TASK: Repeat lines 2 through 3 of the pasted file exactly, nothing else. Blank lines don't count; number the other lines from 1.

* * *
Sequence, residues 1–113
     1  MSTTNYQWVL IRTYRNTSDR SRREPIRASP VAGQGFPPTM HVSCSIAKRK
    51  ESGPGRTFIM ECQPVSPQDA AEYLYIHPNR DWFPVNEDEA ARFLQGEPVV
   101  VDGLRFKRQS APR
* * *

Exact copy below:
     1  MSTTNYQWVL IRTYRNTSDR SRREPIRASP VAGQGFPPTM HVSCSIAKRK
    51  ESGPGRTFIM ECQPVSPQDA AEYLYIHPNR DWFPVNEDEA ARFLQGEPVV